Argentines hot on Bitcoin and tether despite “crypto winter”, report finds

The country’s savers purchase stablecoins tied to the US dollar as an alternative to keeping greenbacks under the mattress, but also buy more volatile crypto assets like Bitcoin.


Argentines are increasingly looking to stablecoins as a way of saving in the face of government exchange restrictions, a report by Americas Market Intelligence (AMI) revealed. 

Cryptocurrencies allow users to save without hoarding stacks of the greenback under their mattresses – but experts warn that many of these digital currencies are less stable than their proponents claim.

According to the AMI report, 53% of Argentine crypto holders said they had purchased stablecoins (cryptocurrencies whose value is supposedly pegged to a reference asset, like the US dollar), compared with 32% regionally. Some 46% of Argentinians said they had bought crypto to protect themselves against inflation – double the regional average of 23%. “Investment” remains the main reason in the region.

Of the six countries in the survey, Argentina has the highest level of crypto use: 17% of respondents said they bought cryptocurrencies, compared with a regional average of 15%. The researchers did not include El Salvador, where Bitcoin was adopted as an official currency in 2021.

The research, which focused on the 1,808 respondents who answered that they hold cryptocurrency, aimed “to put data to what is commonly called  ‘market sentiment”, according to Ignacio Carballo, AMI’s crypto and alternative finance head. 

Carballo was not surprised to find that Argentines are looking to stablecoins “to access foreign currency”: he said the crypto sector “was born” in Argentina in 2019, after Mauricio Macri’s government established exchange restrictions permitting citizens to buy up to US$200 a month. These restrictions remain in force.

Many Argentines prefer to save in US dollars, sometimes keeping stacks of bills in safes or “under the mattress”. They hold some US$246 billion of foreign currency outside the financial system, according to official data.

One popular stablecoin is tether (USDT), a popular asset-backed cryptocurrency designed to be worth US$1, which is usually called the “crypto dollar” or “digital dollar”. 

Germán Guismondi, founder of cryptomining farm CriptoLab, told the Herald: “the utility of stablecoins in Argentina is, among other things, replacing the cash dollar as a saving method.” In his opinion, if USDT didn’t exist, “bills would be more scarce in the country and the price of the informal dollar would be higher.” 

Ernesto C., a 32-year-old food industry worker from Córdoba who has bought USDT, said it allowed him to bypass the government’s restrictions, which he considers a “scam”. 

“This way, you also avoid going to cuevas [illegal exchange houses],” he said.

Stablecoins are not the only type of cryptocurrency bought by Argentines. Bitcoin has lost nearly two thirds of its value since its November 2021 peak of US$64,400 amid the so-called “crypto winter”. However, in a country where inflation reached a three-decade high of 94.8% last year, it remains a favorite among investors. A separate report released last year by Chainalysis found that Bitcoin was the most popular cryptocurrency in Argentina.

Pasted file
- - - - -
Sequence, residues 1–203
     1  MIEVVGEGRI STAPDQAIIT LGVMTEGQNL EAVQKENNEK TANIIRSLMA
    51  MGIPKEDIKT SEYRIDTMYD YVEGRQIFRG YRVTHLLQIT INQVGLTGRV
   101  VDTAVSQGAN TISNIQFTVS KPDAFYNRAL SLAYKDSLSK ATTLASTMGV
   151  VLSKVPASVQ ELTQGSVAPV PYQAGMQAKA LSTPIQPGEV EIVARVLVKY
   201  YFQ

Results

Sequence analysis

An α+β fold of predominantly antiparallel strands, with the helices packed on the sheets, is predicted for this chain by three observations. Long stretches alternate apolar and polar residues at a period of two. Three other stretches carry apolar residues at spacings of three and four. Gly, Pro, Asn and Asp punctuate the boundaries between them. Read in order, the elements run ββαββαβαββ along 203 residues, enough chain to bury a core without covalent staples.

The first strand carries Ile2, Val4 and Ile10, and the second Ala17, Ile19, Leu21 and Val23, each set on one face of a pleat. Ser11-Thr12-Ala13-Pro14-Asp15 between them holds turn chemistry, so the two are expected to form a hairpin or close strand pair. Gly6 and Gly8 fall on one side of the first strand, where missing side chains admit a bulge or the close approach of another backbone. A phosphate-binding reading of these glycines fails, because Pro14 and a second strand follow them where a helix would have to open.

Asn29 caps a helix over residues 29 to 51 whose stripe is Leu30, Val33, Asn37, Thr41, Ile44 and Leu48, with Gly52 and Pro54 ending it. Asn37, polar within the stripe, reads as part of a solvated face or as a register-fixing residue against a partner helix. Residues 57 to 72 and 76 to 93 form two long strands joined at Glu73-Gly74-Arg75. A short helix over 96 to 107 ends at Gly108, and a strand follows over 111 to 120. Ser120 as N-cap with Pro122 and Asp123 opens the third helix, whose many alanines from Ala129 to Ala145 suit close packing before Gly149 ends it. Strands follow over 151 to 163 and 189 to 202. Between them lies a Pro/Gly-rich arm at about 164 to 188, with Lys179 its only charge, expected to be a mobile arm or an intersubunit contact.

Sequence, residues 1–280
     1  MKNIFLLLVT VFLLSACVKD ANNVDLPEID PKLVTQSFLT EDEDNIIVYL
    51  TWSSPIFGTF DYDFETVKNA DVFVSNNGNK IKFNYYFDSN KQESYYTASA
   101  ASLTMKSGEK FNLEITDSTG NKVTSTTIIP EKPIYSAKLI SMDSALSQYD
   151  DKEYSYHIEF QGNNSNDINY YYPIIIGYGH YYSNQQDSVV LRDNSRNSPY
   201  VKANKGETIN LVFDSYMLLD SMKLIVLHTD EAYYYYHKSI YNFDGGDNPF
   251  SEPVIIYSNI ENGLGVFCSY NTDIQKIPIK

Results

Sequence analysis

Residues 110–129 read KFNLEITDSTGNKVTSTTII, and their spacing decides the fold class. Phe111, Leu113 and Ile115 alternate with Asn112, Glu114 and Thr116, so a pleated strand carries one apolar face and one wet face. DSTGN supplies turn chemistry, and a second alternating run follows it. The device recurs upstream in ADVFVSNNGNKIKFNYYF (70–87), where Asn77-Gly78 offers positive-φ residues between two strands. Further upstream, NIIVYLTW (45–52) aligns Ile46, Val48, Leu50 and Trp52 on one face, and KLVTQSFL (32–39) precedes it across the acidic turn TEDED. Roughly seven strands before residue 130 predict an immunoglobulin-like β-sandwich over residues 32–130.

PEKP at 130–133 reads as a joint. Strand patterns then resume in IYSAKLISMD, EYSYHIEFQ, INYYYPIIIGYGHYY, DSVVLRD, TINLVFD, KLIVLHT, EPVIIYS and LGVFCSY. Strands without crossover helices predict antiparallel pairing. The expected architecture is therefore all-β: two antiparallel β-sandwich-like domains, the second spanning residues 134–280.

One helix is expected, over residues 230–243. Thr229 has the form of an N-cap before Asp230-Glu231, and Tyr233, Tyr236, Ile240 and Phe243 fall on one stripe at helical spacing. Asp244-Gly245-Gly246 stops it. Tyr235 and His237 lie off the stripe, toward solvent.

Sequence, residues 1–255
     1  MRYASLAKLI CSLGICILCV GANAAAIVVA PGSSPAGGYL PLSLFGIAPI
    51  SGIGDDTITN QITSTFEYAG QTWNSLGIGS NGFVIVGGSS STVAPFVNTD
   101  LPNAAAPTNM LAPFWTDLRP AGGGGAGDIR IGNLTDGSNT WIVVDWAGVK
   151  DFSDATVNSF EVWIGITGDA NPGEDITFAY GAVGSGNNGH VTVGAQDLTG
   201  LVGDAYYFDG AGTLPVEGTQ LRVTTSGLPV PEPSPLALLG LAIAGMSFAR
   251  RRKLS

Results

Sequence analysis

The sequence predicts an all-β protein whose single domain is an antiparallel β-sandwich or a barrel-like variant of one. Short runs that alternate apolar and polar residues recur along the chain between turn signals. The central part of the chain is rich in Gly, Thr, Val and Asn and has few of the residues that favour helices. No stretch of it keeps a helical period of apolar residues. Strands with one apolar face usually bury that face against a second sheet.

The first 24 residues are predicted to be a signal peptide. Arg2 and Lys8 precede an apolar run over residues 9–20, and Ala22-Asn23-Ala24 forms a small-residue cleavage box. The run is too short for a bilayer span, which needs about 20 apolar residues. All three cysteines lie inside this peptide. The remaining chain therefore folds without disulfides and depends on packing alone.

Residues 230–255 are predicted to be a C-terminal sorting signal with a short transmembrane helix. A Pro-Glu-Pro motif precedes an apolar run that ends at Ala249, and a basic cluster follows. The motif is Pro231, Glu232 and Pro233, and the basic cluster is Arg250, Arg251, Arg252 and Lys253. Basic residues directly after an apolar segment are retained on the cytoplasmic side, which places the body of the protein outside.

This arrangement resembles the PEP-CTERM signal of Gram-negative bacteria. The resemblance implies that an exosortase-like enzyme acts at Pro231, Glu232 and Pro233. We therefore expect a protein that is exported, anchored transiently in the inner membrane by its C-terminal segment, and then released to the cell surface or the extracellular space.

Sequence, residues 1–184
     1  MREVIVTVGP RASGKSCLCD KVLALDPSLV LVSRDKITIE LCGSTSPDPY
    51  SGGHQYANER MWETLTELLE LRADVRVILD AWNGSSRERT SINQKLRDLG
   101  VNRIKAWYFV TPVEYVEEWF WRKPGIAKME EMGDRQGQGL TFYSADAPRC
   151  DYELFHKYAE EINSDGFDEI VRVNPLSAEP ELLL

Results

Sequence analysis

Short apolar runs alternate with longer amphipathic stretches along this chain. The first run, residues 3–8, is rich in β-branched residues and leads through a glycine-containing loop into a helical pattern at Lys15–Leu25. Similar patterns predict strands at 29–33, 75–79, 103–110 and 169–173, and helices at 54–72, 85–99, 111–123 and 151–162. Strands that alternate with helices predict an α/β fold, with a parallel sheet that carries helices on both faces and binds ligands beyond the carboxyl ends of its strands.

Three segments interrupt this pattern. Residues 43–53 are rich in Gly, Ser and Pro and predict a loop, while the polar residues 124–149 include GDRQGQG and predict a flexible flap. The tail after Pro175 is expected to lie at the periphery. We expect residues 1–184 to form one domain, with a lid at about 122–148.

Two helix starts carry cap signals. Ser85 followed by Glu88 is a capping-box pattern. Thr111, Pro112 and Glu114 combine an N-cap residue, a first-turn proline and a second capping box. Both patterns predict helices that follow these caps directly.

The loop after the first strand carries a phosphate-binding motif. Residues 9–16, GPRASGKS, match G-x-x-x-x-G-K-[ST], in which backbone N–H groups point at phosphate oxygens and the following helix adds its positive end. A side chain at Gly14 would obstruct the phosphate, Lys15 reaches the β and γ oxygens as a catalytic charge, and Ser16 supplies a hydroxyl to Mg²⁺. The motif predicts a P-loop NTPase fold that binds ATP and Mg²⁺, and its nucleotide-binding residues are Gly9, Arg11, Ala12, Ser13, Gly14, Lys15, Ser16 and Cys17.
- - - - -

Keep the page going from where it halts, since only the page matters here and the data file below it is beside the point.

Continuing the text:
This goes in line with a poll conducted last June by Washington-based data firm Morning Consult, which revealed that 60% of Argentinians trust cryptocurrencies while only a third of them trust the peso. 

The steady reduction in returns paid for finding new Bitcoins reduces supply of the coins, a factor which Guisamondi said could push prices up over the next year and a half.

However, the inherent volatility of the crypto market makes it impossible to predict the value of the assets even in the short term, and even some so-called stablecoins have plummeted to zero. 

Crypto scams

Fear of missing out, or “FOMO”, can make Argentines more vulnerable to scams or investing “without information”, Carballo said, pointing to a lack of regulation, vague communications and irresponsible behavior from companies as potential risks. Terra stablecoin promised to be a “digital dollar” but collapsed in May 2022, he added. 

Argentine fake cryptocurrency ZOE Cash, which collapsed in April 2022, and Bahamas-based crypto exchange FTX , which was the third-largest in the world when it went bankrupt in November 2022, are other crypto-related companies whose leaders have been arrested on fraud charges.

Information on some of the other major market operators is often scarce or misleading. In May 2021, the creators of tether conceded that, far from their marketing claims, only 2.9% of their currency was actually dollar-backed. 

Carballo is among those who wrote a bill for financial education for high schools, which Congress passed in 2018, but has yet to be broadly implemented. He believes the government could pass further legislation to develop communication campaigns and regulate crypto players’ advertisements.

He also recommends users invest no more than 5% of their capital, and “getting informed, getting informed and getting informed,” he said. 

“There is no other way.”


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